Let $f_n$ denote the $n$th Fibonacci number. A positive integer $n$ is called good if $f_{f_n}$ is divisible by $n$ but $f_n$ is not divisible by $n$.

My question is: how many good numbers are there. I think there are infinity many but I can’t prove it. Thanks!

Anyway this is from a russian book called: All about Fibonacci

  • $\begingroup$ What does it mean to say "$f_{f_n}$ is divisible"? $\endgroup$
    – lulu
    Sep 4, 2018 at 12:10
  • $\begingroup$ Also just to clarify : does the Fibonacci series start $1,1,2,3,5,..$ or $0,1,1,2,3,5,...$? Note that this changes the indexing, and the question depends on the indexing. $\endgroup$ Sep 4, 2018 at 12:15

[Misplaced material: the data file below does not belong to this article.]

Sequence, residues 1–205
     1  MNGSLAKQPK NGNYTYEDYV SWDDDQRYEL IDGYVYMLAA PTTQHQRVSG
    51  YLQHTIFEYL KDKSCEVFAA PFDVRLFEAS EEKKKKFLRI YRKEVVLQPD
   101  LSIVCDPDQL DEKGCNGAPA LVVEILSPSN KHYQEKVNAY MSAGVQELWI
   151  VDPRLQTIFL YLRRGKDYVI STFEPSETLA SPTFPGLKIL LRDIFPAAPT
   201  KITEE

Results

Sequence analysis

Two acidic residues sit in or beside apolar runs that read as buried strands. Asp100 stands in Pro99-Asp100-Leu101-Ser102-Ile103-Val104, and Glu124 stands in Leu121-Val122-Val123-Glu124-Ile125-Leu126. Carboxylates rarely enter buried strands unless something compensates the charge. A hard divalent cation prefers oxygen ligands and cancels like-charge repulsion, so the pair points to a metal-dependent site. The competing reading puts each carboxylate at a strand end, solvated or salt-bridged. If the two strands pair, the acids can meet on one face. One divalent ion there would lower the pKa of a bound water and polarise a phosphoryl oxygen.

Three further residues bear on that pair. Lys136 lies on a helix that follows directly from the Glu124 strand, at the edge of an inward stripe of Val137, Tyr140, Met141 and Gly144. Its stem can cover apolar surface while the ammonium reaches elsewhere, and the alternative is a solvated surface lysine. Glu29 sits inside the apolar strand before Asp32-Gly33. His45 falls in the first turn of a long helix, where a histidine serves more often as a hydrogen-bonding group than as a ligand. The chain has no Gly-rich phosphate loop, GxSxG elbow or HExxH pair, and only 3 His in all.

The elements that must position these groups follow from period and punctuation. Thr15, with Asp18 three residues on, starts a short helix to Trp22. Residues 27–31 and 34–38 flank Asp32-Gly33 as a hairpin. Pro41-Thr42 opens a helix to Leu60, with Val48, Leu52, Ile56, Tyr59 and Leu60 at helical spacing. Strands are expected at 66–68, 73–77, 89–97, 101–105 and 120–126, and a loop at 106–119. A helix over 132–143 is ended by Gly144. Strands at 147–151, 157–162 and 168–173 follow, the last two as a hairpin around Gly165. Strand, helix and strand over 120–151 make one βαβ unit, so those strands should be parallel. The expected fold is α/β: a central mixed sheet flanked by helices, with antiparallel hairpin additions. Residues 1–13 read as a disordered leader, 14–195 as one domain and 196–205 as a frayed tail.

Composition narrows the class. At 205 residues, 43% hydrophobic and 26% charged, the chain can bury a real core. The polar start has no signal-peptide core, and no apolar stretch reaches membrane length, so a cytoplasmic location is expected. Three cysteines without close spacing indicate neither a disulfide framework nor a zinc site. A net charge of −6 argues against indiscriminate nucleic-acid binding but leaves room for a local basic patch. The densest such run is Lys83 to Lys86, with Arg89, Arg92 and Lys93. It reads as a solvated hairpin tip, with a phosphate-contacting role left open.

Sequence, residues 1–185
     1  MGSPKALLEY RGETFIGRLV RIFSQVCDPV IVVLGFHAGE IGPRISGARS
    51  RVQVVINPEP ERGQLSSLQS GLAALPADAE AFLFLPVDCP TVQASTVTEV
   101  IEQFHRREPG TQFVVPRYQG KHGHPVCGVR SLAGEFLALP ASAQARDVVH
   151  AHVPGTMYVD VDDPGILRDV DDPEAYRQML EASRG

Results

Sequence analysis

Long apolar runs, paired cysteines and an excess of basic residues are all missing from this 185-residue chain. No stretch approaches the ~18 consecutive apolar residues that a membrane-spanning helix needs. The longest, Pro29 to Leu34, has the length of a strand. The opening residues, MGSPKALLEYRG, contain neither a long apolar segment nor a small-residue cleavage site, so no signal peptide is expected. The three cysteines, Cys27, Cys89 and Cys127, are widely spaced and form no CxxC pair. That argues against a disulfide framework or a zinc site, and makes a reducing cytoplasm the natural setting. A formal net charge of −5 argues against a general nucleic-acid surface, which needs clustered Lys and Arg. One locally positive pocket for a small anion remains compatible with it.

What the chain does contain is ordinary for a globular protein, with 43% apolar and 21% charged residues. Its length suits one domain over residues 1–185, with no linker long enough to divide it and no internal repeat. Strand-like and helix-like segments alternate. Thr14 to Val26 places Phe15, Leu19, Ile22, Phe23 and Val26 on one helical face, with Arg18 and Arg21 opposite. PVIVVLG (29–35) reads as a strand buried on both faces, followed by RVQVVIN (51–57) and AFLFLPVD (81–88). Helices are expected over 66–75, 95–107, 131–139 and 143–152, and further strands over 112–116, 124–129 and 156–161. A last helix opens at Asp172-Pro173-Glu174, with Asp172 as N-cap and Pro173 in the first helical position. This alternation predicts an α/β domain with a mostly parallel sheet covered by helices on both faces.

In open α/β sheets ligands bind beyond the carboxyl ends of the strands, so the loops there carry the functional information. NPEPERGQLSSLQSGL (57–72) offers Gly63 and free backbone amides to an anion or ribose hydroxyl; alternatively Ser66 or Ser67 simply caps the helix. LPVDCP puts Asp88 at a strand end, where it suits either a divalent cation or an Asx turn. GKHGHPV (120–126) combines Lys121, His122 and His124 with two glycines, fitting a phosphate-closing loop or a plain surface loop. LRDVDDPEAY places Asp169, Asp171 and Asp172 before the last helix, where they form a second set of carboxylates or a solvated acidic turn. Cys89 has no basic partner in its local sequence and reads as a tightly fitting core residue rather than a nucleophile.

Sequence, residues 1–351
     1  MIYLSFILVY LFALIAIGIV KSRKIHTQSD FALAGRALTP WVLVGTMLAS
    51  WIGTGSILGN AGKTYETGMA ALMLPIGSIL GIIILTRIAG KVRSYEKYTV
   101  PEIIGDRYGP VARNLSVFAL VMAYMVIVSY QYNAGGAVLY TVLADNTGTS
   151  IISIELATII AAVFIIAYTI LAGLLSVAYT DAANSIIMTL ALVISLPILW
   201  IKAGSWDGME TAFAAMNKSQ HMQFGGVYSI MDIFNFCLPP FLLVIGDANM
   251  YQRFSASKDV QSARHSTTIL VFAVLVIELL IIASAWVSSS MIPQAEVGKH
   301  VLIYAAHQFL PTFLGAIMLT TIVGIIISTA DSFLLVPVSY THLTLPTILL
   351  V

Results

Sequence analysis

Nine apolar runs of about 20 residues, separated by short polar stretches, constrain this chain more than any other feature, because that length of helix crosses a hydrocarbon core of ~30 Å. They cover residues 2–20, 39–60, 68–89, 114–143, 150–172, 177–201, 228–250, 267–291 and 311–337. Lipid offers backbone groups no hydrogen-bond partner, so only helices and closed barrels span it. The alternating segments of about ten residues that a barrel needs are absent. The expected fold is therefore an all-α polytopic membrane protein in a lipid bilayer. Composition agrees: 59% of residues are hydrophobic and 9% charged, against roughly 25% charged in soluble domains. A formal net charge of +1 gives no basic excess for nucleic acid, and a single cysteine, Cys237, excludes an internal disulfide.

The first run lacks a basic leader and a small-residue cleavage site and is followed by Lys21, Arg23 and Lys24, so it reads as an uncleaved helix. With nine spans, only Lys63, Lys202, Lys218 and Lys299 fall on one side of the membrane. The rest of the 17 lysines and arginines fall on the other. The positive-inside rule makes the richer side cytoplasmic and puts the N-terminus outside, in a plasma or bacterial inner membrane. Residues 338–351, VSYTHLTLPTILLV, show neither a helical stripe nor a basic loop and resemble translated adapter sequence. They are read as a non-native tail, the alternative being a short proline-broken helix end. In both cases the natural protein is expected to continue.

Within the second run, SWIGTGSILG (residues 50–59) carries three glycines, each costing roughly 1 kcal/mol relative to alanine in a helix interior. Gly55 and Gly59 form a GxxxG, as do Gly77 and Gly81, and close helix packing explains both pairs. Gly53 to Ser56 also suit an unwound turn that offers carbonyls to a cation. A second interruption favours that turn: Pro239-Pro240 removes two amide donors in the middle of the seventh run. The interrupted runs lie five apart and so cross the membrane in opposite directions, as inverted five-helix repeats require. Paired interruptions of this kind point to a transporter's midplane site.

• $\begingroup$ Please edit your post for clarity. As you believe there are infinitely numbers of the sort you want, perhaps you could write down the first few. As it stands, the definitions aren't clear (at least, not to me). $\endgroup$
    – lulu
    Sep 4, 2018 at 12:21
  • $\begingroup$ FYI : oeis.org/A007570 $\endgroup$
    – mathlove
    Sep 4, 2018 at 12:24
  • $\begingroup$ Voting to close the question as it is unclear what you are asking. If you can, please edit for clarity. $\endgroup$
    – lulu
    Sep 4, 2018 at 12:32

1 Answer 1


Suppose $n$ is good. Since $\gcd(f_m,f_n)=f_{\gcd(m,n)}$, we have $$\gcd(f_{f_{f_n}},f_n)=f_{\gcd(f_{f_n},n)}=f_n,$$ and $$\gcd(f_{f_n},f_n)=f_{\gcd(f_n,n)}<f_n.$$ Therefore, $f_n$ is good. So if there is one good number, there must exist infinitely many good numbers.


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